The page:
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Why your community should be talking now about allocating scarce resources

Author: Deborah Knickerbocker, CEM, ASPR’s Office of Emergency Management
Published Date: 2/11/2015 3:31:00 PM
Category: Hospital Preparedness; Public Health Preparedness;

The recent nationwide shortage of injectable solutions, such as normal saline and Lactated Ringer's (given intravenously to a patient to replace fluids and electrolytes lost from illness or injury), illustrates how a resource shortage can lead to a need to ethically allocate available resources.

At the local level, the decision is usually made on a case-by-case basis. For example, if a hospital has two patients, both of whom need the same resource – like saline or a ventilator – and only one resource is available, a medical provider or small group of providers (often with input from the patient’s family) determines which patient should receive the needed care, medicine or equipment.

They also determine what alternative treatment can be used for the other patient until the ideal treatment is available. It may be a matter of minutes or hours, or could be a matter of days, depending on the nature of the resource and what caused the shortage. It can be very difficult to make an allocation decision on a day to day basis, but it’s even more difficult in a catastrophic disaster. In a catastrophic situation healthcare providers won’t have time to consult with each other and ask the family; no one else may be available to ask.

Hospitals, healthcare facilities and state and local planners need to start engaging their community members now so that they can work together to decide how these difficult decisions will be made. So if (or when) the time comes, members of the community understand how medical resources and other emergency management resources (fire, rescue, law enforcement, etc.) will be used. By engaging community members before an event occurs, they may be more likely to see the process as a legitimate one and they may better understand how actions that they take in an emergency can impact their health or the health of their loved ones.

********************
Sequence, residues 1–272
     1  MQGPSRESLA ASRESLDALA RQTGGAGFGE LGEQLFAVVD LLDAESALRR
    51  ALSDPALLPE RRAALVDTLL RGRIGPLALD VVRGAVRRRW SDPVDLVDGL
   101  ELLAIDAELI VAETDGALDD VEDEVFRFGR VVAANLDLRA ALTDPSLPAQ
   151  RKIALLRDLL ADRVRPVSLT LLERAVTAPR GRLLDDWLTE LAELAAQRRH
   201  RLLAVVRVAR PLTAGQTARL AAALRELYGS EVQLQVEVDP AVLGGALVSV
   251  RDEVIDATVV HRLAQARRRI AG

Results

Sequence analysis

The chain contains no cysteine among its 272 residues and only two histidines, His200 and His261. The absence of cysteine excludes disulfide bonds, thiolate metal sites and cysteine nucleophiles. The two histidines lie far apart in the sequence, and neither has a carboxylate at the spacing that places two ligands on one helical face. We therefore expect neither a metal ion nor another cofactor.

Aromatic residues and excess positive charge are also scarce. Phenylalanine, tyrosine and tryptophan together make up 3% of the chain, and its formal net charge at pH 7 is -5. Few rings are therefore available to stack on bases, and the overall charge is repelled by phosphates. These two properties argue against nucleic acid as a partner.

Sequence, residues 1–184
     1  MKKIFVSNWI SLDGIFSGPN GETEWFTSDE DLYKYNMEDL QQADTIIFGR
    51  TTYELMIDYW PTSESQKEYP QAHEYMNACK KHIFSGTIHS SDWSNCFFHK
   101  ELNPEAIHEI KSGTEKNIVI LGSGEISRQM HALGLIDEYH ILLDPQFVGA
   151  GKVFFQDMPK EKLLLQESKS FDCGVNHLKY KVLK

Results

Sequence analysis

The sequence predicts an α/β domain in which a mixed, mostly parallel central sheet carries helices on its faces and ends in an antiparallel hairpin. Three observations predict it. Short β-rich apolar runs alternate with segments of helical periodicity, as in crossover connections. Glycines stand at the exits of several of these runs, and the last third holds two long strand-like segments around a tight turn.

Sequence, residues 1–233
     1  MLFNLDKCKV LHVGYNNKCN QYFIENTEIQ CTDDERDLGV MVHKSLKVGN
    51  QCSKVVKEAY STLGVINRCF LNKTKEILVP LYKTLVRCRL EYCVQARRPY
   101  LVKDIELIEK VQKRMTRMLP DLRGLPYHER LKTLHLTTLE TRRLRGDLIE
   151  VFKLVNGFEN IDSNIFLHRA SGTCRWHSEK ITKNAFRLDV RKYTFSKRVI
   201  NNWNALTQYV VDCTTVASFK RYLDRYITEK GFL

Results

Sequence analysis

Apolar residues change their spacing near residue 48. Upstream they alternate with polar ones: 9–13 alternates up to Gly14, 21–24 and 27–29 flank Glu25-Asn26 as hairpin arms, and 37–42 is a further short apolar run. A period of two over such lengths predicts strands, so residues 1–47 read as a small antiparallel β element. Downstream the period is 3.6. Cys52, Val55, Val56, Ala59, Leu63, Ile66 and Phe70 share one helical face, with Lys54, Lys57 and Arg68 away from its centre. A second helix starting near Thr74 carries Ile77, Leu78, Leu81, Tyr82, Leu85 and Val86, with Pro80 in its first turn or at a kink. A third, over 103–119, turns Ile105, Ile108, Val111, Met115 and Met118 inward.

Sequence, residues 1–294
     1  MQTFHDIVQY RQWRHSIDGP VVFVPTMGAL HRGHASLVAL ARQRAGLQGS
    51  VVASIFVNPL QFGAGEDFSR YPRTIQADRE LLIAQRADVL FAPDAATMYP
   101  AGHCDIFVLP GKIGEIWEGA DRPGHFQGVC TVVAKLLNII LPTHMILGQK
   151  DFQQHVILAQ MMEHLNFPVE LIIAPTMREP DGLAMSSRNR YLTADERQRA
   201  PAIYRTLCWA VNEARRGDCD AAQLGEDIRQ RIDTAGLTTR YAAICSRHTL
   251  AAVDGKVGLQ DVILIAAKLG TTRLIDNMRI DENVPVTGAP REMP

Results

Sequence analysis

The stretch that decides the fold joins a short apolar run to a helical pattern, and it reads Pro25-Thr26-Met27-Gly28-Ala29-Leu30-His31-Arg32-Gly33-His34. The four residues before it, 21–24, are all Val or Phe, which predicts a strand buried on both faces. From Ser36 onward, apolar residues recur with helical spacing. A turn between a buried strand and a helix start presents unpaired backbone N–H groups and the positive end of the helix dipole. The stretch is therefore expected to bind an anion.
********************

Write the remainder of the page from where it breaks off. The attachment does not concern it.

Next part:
The federal government can provide additional personnel and medical supplies in catastrophic situations yet like all other resources, ours are finite, too. And like every community, we too need a protocol – a way of making decisions about where to send the resources we have available and help communities save as many lives as possible.

ASPR coordinates the public health and medical resources available through the federal government to support states and communities in emergencies. A participant in the 2011 drill noted that ASPR has no protocol to make allocation decisions when the demand for federal support exceeds the supply of resources.

A lot of factors are involved in figuring out how to allocate resources. In planning for it, all levels of government have to think about the effects of a catastrophic event on transportation because this affects how and where resources can be transported into the area and set up, and on how those resources can be supported (the responders need a place to stay, food, and water, and they will need medical resupply). It will matter where those resources are located: have any been affected by the disaster? Are any cut off from getting to the affected area?

Other considerations include whether there are active response operations going on, or if it's a time of year when we know disasters such as tornados or hurricanes are likely to occur which could create additional requests for those same resources.

Unlike the decisions commonly made in an emergency room, decisions about how to respond in a catastrophic situation go beyond the needs of one or two patients. In deciding how to respond to such a catastrophic disaster, medical providers, emergency managers and leaders at all levels of government cannot use the same model of medical ethics that a doctor would turn to when deciding which patient should get the ventilator. The decisions have to consider the public health needs of a significant portion of the country's population.

So ASPR's Office of Emergency Management developed a framework for the type of ethical decision-making required in catastrophic situations when resources are scare nationwide or possibly even worldwide. The framework is only for federal public health and medical resources. It could be a model for your state or your community.

This blog is the first in a series on the allocation of scarce resources in a disaster. We'll discuss the framework and processes in future blogs. To learn about new posts to the ASPR Blog and other topics related to public health emergency preparedness, response and recovery, follow us on Twitter or like us on Facebook.

Has your community already started one of these crucial conversations? If so, share your community’s story in a comment to this blog post. Let us know what worked, what didn’t, and how this discussion impacted your community. 

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